In the world of cryptocurrency, there are many projects which try to bring something new to the table. Ardor is one of those projects which most people know little about, even though it certainly offers something unique. It positions itself as the first scalable blockchain-as-a-service platform for businesses. Living up to these expectations will not be easy by any means, but now is a good time to take a closer look at what Ardor brings to the table.
Corporations all over the world have shown great interest in blockchain technology as of late. However, not all of them want to develop their own solutions. Introducing a blockchain-as-a-service model to companies makes a lot of sense, and Ardor is designed to make an impact in this regard. Other companies provide similar services, with Microsoft probably being the biggest provider of blockchain-as-a-service solutions right now. More competition in this space can only be considered a good thing, though.
Creating a blockchain-as-a-service model is one thing, but making it appealing to corporations is something else entirely. To do so, Ardor’s team has come up with an interesting approach on the technical front. First of all, Ardor uses a unique parent-child architecture that allows companies to build their own products and services using the concept of child chains. At the same time, these products will still benefit from the security provided by Ardor’s parent chain. Using sidechains has become a topic of great interest in the blockchain world as of late, as it simply makes sense.
Additionally, Ardor’s blockchain-as-a-service aims to be as energy efficient as possible. Even though operating a blockchain is not on the same level as cryptocurrency mining, there are still energy requirements to take into account. With Ardor, the infrastructure uses a proof-of-stake system rather than proof-of-work. Mining competition is eliminated entirely and consensus is reached through a distributed system. Running a network node to help secure the Ardor infrastructure requires very little electricity, and the hardware used to do so doesn’t have to be overly expensive either.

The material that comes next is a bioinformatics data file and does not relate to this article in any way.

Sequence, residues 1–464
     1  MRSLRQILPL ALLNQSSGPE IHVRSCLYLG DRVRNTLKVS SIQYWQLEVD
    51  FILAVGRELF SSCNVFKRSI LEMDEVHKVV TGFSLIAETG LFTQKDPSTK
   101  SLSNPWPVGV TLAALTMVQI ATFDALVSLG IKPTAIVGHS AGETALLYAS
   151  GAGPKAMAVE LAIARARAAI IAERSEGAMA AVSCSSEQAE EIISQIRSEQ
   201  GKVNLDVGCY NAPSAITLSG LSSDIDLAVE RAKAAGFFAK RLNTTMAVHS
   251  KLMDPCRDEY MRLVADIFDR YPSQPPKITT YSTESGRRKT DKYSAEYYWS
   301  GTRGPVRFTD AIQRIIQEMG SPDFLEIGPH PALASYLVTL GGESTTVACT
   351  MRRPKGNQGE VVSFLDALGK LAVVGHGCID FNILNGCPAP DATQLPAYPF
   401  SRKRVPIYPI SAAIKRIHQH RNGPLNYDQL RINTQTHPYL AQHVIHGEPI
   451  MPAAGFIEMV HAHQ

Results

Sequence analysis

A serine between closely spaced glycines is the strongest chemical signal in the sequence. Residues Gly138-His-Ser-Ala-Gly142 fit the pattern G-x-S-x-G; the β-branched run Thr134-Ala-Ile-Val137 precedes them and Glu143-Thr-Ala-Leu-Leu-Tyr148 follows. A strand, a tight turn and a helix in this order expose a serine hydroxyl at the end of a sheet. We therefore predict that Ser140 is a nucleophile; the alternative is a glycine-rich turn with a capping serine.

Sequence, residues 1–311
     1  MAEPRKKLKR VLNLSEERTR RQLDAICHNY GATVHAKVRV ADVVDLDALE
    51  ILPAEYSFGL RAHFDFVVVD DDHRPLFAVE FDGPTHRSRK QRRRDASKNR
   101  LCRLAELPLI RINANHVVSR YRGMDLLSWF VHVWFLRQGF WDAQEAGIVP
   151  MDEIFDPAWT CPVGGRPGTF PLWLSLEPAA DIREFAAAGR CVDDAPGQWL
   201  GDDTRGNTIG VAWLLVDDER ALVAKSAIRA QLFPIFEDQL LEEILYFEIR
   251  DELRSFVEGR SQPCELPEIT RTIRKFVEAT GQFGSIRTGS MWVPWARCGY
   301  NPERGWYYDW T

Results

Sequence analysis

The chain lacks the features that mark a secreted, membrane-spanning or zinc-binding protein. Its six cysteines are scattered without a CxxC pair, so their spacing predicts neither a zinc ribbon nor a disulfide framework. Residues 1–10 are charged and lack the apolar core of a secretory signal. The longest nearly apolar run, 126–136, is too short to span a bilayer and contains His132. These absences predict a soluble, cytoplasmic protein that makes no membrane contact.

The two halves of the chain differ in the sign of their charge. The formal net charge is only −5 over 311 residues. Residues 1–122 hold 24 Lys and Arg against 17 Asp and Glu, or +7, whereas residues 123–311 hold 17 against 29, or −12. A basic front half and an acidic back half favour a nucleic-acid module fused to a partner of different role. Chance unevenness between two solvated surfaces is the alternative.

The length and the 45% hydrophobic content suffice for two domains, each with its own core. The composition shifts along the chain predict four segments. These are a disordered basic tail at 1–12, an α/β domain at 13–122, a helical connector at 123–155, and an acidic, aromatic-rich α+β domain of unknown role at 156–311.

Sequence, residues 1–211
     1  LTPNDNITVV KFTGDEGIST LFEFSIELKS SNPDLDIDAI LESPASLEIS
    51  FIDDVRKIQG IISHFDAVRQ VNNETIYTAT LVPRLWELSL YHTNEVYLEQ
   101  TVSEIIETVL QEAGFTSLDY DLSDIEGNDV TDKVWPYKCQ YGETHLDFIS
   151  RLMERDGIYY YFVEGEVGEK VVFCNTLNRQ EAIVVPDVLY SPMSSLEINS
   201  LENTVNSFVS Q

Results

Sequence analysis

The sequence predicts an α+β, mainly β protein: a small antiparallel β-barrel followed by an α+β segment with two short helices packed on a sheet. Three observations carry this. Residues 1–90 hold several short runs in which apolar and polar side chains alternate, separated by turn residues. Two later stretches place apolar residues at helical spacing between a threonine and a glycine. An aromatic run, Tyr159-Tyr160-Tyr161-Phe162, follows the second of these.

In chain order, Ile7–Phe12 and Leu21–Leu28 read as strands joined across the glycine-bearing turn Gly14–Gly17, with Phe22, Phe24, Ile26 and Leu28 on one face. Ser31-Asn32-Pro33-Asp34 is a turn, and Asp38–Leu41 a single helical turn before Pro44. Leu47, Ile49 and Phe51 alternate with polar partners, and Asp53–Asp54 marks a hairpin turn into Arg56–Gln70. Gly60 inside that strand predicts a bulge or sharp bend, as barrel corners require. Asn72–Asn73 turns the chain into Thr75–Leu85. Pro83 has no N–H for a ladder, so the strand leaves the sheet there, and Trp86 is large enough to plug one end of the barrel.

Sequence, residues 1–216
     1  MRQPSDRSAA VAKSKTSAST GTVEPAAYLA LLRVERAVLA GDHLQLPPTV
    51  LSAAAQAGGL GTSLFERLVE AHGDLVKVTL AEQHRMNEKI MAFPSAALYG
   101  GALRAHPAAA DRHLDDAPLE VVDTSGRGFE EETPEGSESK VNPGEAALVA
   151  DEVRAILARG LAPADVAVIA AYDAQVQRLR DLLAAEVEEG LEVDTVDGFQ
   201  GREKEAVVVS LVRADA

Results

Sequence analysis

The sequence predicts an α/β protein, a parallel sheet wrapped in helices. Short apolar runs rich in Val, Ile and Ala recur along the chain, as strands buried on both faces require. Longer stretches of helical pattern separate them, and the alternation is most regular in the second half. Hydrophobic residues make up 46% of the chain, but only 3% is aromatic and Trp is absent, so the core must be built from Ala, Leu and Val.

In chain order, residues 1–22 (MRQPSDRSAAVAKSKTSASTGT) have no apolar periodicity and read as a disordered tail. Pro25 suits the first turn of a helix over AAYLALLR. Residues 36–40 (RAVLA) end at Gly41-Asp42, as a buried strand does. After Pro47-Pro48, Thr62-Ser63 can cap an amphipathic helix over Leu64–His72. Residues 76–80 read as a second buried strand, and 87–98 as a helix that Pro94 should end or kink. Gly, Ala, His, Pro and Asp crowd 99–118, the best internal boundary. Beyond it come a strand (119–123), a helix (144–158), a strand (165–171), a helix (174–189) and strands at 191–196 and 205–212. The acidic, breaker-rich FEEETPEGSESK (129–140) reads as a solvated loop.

Last but not least, Ardor aims to reduce blockchain bloat to the bare minimum. This is where sidechains come back into the picture. Child transactions can be removed from the blockchain once they are confirmed. This keeps the Ardor blockchain both lightweight and efficient. Using sidechains for this specific purpose makes a lot of sense, as there will be no unnecessary information on the parent chain. Individual child chains can become quite large, depending on what type of information they will need to process.
As is always the case with any blockchain solution, Ardor will stand or fall based on how reliable it is. This platform was built on top of the NXT infrastructure. Cryptocurrency enthusiasts may know about NXT, as it has been used by people all over the world for the past four years. Moreover, Ardor was developed using Java, which is one of the most popular programming languages in the world today. Building commercial applications becomes a lot easier when the development language is something most coders are already familiar with.
The Future of Ardor and BaaS
At this stage, it is too early to say whether or not Ardor can succeed. It is certainly true the project has gotten a lot of attention recently. Moreover, the native ARDR token has appreciated in value, which seems to confirm there is at least some interest in what this project has to offer. Some interesting developments are still on the agenda, including the launch of additional child chains, support for specific transaction types, and so forth. Rest assured there is a lot more to come from Ardor in the coming months, but there is never any guarantee of success.